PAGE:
I understand the root of this train of thought. At least in the United States, the atheist cohort tends to be looked upon even less favorably than the scummiest of the scum within society (think pedophiles, rapists, and the like). Indeed, Atheism has an image problem. But the answer to that is not, and has never been, even secular segregation.  

A lacking of even a basic teaching of philosophy in education systems world wide has resulted in millions of atheists viewing said philosophy as being the only logical conclusion. When combined with various mental  behaviors unknowingly left behind by previous religious beliefs, the results can be . . . Interesting. Altering that paradigm is close to impossible. Which is why I don’t even try to do it anymore. Having said that however, the problems facing us as a species are very real. Something that many Atheists recognize, as there is a movement to build an Atheist voting block.

Which is where I come in and say, why does it have to be an explicitly Atheist voting block? Why not a Secular, Rational, Humanist, WHATEVER, voting block? Does the macro label REALLY matter that much?! I get that Atheism has an image problem. But that is small potatoes to the much larger problem that is LIFE ON EARTH! Like the rest of the left, the Atheist cohort  quibbles over  labels, whilst the religious right teams up and elects crooked Donald. 

We know that there exists an untapped potential of MILLIONS of voters that self acknowledge outside the boundaries of religious belief, but that also do not self identify explicitly as Atheist. Rather than condescending to (and thus annoying!) these people by referring to them as “Atheists in denial” (and other forms of Intolerant behavior), why not put self interest aside and unite as one.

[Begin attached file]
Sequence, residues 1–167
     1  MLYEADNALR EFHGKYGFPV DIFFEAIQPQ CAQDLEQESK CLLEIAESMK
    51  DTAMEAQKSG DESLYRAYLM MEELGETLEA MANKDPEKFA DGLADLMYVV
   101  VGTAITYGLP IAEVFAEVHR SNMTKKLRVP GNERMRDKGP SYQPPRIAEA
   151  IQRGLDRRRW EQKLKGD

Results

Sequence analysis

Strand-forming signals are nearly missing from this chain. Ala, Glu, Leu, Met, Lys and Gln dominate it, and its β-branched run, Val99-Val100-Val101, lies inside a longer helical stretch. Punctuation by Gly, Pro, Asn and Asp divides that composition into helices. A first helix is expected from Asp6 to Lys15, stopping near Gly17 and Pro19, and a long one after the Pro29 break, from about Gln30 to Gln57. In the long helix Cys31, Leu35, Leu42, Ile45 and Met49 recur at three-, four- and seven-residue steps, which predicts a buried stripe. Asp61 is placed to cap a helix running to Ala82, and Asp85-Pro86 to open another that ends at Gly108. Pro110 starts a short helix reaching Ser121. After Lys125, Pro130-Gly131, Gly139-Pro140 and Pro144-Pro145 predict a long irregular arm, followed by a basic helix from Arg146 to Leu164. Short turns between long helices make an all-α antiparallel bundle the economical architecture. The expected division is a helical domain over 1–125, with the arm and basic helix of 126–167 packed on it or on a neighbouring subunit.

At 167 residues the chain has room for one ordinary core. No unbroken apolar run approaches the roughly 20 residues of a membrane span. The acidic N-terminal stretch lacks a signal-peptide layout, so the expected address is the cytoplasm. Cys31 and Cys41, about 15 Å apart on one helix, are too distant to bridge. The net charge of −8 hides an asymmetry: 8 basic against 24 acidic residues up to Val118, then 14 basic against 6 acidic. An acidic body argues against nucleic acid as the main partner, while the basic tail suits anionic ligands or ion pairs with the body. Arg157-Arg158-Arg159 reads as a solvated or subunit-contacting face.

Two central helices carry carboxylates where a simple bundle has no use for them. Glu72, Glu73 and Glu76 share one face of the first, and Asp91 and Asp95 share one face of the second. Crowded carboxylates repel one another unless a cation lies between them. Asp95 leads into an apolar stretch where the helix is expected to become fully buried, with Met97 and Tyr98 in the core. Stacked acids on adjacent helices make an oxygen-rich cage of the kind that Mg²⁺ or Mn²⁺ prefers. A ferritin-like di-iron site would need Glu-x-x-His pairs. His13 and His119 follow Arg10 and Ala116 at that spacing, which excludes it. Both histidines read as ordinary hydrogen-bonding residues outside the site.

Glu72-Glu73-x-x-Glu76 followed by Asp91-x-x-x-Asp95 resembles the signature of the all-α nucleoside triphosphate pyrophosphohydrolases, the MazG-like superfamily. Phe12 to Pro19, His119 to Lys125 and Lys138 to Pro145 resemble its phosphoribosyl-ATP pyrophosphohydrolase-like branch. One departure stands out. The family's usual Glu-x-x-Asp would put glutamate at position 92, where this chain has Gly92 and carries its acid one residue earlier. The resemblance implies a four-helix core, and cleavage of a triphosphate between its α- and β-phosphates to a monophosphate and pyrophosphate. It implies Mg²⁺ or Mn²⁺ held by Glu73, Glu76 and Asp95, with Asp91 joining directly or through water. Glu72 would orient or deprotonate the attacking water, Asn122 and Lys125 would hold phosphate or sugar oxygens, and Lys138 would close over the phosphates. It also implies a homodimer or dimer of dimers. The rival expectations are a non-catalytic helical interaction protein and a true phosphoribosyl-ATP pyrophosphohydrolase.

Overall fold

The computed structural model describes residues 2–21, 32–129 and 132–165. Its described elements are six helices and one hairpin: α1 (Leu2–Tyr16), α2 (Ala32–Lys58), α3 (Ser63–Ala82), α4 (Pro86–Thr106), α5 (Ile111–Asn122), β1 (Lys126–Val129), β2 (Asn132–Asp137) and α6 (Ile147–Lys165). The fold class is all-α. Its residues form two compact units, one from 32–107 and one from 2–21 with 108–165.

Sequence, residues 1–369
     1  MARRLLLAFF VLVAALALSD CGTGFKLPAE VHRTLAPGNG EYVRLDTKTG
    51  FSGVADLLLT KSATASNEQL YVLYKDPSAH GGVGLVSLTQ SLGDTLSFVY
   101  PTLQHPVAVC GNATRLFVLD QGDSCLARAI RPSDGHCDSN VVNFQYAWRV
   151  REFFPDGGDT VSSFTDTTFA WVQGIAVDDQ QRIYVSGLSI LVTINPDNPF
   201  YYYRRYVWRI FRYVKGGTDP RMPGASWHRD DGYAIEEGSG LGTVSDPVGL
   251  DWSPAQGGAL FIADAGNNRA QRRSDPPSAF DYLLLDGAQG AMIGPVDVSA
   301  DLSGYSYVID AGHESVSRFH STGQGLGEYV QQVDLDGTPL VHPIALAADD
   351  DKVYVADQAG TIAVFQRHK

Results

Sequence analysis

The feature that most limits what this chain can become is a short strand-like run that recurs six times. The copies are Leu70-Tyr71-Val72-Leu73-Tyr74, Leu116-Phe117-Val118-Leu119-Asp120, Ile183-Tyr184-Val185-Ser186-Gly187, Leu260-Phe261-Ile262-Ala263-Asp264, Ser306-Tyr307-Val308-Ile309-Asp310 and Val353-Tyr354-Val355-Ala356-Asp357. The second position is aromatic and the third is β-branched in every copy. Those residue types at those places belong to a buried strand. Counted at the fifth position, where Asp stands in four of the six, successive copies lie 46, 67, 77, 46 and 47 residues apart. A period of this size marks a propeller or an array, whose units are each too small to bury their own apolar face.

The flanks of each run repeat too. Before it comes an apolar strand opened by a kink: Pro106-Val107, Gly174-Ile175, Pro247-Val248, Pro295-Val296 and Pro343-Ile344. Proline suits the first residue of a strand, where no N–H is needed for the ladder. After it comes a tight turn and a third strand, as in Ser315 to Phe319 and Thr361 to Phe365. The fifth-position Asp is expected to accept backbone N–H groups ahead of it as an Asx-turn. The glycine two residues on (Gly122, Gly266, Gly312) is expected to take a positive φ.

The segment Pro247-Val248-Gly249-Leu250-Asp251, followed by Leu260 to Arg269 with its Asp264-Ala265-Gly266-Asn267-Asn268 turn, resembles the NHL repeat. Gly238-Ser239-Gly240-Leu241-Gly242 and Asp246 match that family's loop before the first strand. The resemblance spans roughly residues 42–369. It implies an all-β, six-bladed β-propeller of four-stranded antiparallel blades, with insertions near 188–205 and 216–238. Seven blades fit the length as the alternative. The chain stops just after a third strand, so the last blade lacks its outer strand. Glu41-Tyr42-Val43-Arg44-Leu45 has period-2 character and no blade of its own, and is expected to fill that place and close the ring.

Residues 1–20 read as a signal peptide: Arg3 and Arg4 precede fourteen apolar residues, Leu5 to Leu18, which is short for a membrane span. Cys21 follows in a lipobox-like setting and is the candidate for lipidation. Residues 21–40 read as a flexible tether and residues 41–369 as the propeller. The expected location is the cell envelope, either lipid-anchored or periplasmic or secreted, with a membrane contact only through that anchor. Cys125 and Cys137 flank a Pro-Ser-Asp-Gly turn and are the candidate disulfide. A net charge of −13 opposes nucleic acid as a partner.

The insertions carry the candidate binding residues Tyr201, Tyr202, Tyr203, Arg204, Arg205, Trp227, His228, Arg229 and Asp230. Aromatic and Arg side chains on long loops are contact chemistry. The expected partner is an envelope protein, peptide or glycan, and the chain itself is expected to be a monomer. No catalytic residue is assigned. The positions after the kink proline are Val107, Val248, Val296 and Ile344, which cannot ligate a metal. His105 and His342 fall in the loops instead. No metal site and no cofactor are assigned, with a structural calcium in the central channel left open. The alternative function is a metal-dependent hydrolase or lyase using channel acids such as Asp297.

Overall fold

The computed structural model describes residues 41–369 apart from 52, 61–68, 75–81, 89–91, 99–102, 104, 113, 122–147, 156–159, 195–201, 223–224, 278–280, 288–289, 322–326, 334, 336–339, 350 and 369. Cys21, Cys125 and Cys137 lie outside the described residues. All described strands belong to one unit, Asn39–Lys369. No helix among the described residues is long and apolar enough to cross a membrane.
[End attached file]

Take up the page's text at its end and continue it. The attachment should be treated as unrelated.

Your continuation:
I say self interest, because the Atheist community does have a lot of resources tied into it. Indeed, there are millions that just identicy under the label. They are not who I am talking about. 

What I am referencingl, are the many different types of Atheism specific (or oriented) organizations. Everything from political activism organizations, to online businesses like monetized YouTube channels, podcasts and merchandise distributers. I would not go as far as to saying that such economic reliance automatically eliminates impartiality. That said however, it’s hard not to take it into consideration.

3.) When it comes to the Russell quote, there may be more nuance than meets the eye. 

From what I understand (as a layman talking to a philosophy scholar by trade), Russell had started off on a mission of sorts to categorize the world in rational terms. Which explains the very black and white quote perfectly (and also why it’s so appealing to both Atheists and Apistevists). However, it would seem that Russell ran into the obvious roadblock that is, you can’t necessarily so easily compartmentalize the world. So like any good scholar, he acknowledged this and moved on.